Loire by Car ... foot, bike, solex and hot air balloon

From Nantes to Tour, I was fully immersed in wine, food, and French culture. I explored the wineries and vineyards of Loire by car, foot, bike, Solex and even from above on a hot air balloon. The local cuisine included every type of pâté, tartare, rillette, and cheese imaginable. The locals were always welcoming, but I don't think I would have gotten around the small towns without my trusty French guide and translator.

Every winery was so unique in terms of offering but I could feel each winemaker's passion and understand their visions and goals, which were often to follow in the footsteps of their ancestors. I was constantly impressed by quality and dedication, as many of the estates specialized in organic, natural, or lutte raisonnee winemaking methods. Many of the wineries in France will begin picking about 2 weeks earlier than the majority of their previous vintages due to the abnormally hot summer. This can be good news however, as the sooner the grapes come inside, the less of a chance they'll be damaged by inclement fall weather.

Before digging into the vino, there are a few activities that I definitely recommend checking out. First, the hot air ballon. While the flight is never guaranteed and you may end up waiting a bit due to weather, it's definitely worth the time and money. Coasting across the vineyards overlooking all of the towns, people and animals was an experience I will never forget. Next, the Solex tour. A Solex is a motorized bike originally developed in the 1940s and a total blast. It takes around 10 minutes to figure it out, but after that you'll be well on your way to a fun (and pretty fast ride). Ours ended in a picnic amongst the vines, complete with wine and cheese of course. Don’t forget the castles! We visited Château de Chenonceau, Château de Chinon and Château de Brissac, all completely different in terms of era and style. The history is uncanny and you’ll find yourself putting pieces of ancient royalty together in your mind. Lastly, make sure to rent bikes for a day of cycling along the banks of the Loire Valley. Plan your day right and you’ll be stopping every hour to taste wine and tour the magnificent caves of the region.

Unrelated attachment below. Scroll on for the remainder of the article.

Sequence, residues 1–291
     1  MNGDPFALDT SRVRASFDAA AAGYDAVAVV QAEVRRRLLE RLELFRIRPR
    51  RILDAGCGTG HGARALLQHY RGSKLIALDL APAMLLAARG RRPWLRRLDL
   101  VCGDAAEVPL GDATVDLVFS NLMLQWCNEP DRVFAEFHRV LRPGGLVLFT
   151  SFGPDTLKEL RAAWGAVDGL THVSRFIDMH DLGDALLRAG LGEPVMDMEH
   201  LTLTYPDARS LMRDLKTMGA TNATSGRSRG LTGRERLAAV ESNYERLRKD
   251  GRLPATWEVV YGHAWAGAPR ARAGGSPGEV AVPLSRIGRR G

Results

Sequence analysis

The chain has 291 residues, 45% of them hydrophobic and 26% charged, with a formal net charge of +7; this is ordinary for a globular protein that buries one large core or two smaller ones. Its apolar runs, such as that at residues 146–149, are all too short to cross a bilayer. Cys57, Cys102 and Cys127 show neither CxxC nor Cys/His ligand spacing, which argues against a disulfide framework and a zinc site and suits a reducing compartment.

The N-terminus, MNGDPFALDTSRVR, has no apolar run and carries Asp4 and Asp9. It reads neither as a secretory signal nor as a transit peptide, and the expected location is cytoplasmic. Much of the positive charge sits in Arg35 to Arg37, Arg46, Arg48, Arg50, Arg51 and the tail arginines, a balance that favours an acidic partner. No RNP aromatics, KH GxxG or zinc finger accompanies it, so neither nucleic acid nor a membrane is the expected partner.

On to the juice… I highly recommend visiting the below outstanding wineries when travelling through the Loire Valley.

Domaine de la Pepiere is a Certified Biodynamic winery specializing in Muscadet and consisting of 40 hectares within the Pays-Nantes. Gwénaëlle Croix is one of the three owners (unrelated) who walked us through the vineyards and tasting at the winery.  Gwen explained that Melon de Bourgogne (or Muscadet) has large, melon-shaped leaves, which could be the root of the grape’s name. The vines are very close together and quite low to the ground, allowing their tall, narrow tractors to straddle the vines easily. This is common throughout Muscadet, though horses historically did this job. The climate here is mild, since the vineyards are close to the sea. The vines are trained along two wires, rather than one, which is more common in Loire and the region of Muscadet. The reasoning behind this is to encourage photosynthesis and also aid in protection from hostile weather.

Like most of the region, Pépière’s Muscadet does not see malolactic fermentation. Gwen described the importance of temperature control in her steel vats, which need to be cooled twice per day during fermentation. Pépière produces approximately 200,000 bottles per year and 80% of that gets exported!

We proceeded to taste the lineup of Muscadet wines by sub-zones, which were easily distinguishable after learning about the varying soil types. Granodiorite was one of the most interesting to me, which is a granite made up of amphibolite, mica, and quartz. Wines from this soil had very granite-like minerality, along with fresh lime and wet stones on across the palate.

Pied Flond has been producing wine for seven generations just 18 miles from Angers in the town of Terranjou. Franck and Catherine Gourdon started making wine in 2000 and specialize in the still, sweet and sparkling production of Chenin Blanc, along with Rosé d'Anjou from Cabernet Sauvignon and Anjou Rouge from Gamay. The family has 24 hectares of vines, which the family tends to in a sustainable manner.

The estate also has a long history of Solex production. Franck started making these motorized bicycles with his brother at ages 16 and 18. Riding these around the vineyards was an absolute blast, after we got the hang of it that is. The tasting was comprised of several styles of wine from dry to the very sweet, even botrytized. The 2016 Coteaux du Lyon falls into the latter, yet still delicate in aroma and body, I’d rather pair it with goat cheese than a dessert.

Gratien and Meyer was the largest estate we visited, specializing in the production of Cremant de Loire since 1874. Our tour began in their underground caves that house over 5 million bottles in over 3 miles -it was huge. The estate even has their own underground spring, which was once used to wash the barrels. Directly above the cellars are 20 hectares of vines purchased in 1864 by Alfred Gratien. Alfred died in his fourties when his partner, Jean-Albert Meyer took over the estate with Alfred’s widow.